Some states, such as Maryland and Virginia, follow what's called a "pure contributory negligence" rule. This means that if the pedestrian contributed in the slightest bit to the accident, they cannot recover damages from the driver (or from the driver's auto insurance company) in court.
Other states follow a "comparative fault" rule. This means that a pedestrian can recover some damages even if they were partly at fault, although when the pedestrian's share of fault exceeds the driver's, recovery of damages from the driver might not be possible.
Keep in mind that while contributory and comparative negligence laws only come into play in court, an insurance adjuster will have the state's shared fault rules in mind when valuing an injury claim and engaging in settlement talks.
Learn more about car accidents and contributory and comparative negligence.)
Chances are a law enforcement officer will come to the scene of a car-versus-pedestrian accident, especially if there are significant injuries. The responding officer will diagram the location of the accident, talk to the parties involved, interview witnesses, and consider other relevant information, all of which will go into a police report.
The police report may include the officer's impressions or preliminary findings as to how or why the accident happened, whether any traffic violations might have occurred in connection with the crash, and other factors impacting a fault determination.
The insurance company will certainly get its hands on the police report, but the company will conduct its own investigation of the accident, how it happened, the nature and extent of injuries suffered by those involved, the details of property damage, and more. Learn more about how the insurance company investigates a car accident case.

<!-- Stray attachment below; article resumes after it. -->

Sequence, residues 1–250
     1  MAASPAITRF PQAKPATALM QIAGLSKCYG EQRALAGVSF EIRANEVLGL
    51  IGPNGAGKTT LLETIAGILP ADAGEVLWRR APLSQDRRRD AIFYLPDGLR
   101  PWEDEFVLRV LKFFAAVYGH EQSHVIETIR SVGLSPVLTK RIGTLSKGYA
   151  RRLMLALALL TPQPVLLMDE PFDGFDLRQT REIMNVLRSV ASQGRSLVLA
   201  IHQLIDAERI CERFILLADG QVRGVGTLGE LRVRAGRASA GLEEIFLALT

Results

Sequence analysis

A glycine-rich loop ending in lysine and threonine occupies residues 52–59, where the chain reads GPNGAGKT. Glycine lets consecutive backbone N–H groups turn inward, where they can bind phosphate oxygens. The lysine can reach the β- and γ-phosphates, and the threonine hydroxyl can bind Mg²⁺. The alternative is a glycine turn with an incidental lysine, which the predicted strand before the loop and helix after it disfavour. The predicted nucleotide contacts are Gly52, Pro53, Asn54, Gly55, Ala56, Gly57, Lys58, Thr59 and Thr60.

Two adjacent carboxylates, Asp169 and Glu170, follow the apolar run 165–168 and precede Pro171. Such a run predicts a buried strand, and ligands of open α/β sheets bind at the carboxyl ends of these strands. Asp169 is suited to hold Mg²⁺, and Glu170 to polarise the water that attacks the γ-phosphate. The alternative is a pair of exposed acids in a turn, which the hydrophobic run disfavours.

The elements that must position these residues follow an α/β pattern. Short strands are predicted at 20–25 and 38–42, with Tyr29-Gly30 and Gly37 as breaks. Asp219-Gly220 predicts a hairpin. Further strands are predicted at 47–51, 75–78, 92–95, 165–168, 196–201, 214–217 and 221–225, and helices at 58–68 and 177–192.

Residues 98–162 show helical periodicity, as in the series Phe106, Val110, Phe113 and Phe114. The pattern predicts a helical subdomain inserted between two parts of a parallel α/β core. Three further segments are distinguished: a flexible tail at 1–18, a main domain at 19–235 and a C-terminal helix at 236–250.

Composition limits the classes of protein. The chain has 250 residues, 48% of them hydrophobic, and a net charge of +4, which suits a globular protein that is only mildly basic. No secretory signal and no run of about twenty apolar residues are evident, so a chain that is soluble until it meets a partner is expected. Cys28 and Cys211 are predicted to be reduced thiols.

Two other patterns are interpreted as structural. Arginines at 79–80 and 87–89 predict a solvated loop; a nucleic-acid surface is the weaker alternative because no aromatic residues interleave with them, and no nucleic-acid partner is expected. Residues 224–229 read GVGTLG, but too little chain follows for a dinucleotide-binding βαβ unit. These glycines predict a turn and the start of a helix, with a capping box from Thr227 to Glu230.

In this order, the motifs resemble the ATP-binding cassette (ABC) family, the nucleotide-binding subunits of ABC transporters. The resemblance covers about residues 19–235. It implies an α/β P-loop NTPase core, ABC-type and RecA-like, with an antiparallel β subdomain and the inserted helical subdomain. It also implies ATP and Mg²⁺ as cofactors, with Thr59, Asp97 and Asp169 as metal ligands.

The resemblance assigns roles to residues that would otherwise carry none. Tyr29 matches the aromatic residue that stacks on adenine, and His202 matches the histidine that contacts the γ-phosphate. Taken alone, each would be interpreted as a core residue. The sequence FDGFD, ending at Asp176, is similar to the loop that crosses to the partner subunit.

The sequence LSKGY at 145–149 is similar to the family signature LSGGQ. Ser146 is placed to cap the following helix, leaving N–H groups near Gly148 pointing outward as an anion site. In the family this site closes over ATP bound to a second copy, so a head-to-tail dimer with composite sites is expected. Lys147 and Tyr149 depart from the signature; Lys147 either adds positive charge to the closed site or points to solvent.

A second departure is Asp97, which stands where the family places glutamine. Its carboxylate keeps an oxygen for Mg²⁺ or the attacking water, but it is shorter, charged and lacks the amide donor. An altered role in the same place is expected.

If you believe that the insurance company was wrong in finding you wholly at fault for the car-versus-pedestrian accident, or that the insurer assigned you an incorrect percentage of fault, there are a number of steps you can take.
First, ask the insurance company for a detailed basis for their findings. If you think they've based their decision on incorrect or incomplete information, make your own counter-argument with as much supporting evidence as you can find.
If the insurance company's finding might expose you to significant personal financial responsibility, or if you just want help setting things right, you might want to consider discussing your situation with an experienced lawyer. More on this later on.
Get more information on disputing fault after a car accident.
Injured pedestrians are usually covered under their health and disability insurance policies, or worker's compensation coverage, if the accident occurs on the job. They may also be covered under one or more auto insurance policies.
An injured pedestrian can usually file a claim against the driver's or vehicle owner's auto liability insurance policy. Almost all states require that vehicle owners and drivers carry liability insurance to cover personal injuries to third parties, and damage to third parties' property. Recoveries are dependent on who caused the accident and insurance policy details.
A dozen or so "no-fault" states require insurance companies to pay for the medical expenses and lost wages of their own policyholders and certain other covered individuals, regardless of who is at fault for the underlying. This is also known as personal injury protection (PIP).
In most no-fault states, a driver's PIP insurance will also cover a pedestrian hit by the insured vehicle, unless the pedestrian has their own car insurance policy.
If the pedestrian truly has no injuries after a traffic accident, there can be no insurance-related injury claim, and no personal injury lawsuit against the driver. A personal injury claim requires actual harm of some kind.